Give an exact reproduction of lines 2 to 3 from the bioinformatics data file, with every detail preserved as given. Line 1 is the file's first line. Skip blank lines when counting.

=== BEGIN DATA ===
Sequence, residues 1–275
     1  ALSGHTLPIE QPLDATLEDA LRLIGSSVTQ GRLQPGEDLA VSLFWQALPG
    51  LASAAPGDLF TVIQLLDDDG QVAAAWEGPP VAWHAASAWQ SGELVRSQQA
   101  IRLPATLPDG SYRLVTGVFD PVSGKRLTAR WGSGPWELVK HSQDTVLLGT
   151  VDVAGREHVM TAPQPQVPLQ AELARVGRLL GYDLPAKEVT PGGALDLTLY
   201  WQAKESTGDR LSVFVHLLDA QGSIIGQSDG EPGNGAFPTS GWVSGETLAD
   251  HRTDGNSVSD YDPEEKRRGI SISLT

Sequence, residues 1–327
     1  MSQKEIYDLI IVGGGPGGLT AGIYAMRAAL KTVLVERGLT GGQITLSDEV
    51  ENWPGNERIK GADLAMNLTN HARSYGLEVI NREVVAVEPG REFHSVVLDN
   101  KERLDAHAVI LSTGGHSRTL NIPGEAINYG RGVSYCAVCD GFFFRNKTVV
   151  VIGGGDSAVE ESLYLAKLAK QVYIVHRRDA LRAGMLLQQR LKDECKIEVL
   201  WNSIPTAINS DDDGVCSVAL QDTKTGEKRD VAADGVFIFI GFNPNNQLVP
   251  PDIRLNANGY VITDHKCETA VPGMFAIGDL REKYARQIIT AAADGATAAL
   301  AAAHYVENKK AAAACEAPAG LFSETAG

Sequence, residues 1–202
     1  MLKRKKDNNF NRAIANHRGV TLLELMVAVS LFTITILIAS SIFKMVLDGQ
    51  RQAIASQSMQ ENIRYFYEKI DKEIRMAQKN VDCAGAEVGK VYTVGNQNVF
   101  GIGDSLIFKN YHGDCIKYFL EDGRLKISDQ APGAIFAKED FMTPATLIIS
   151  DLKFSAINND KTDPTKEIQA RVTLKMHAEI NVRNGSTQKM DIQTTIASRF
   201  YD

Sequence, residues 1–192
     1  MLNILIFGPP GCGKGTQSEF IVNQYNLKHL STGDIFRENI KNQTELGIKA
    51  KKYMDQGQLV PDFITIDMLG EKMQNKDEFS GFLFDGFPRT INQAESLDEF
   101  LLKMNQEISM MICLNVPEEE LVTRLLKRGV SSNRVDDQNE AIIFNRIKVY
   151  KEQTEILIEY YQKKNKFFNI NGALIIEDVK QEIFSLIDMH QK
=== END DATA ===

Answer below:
     1  ALSGHTLPIE QPLDATLEDA LRLIGSSVTQ GRLQPGEDLA VSLFWQALPG
    51  LASAAPGDLF TVIQLLDDDG QVAAAWEGPP VAWHAASAWQ SGELVRSQQA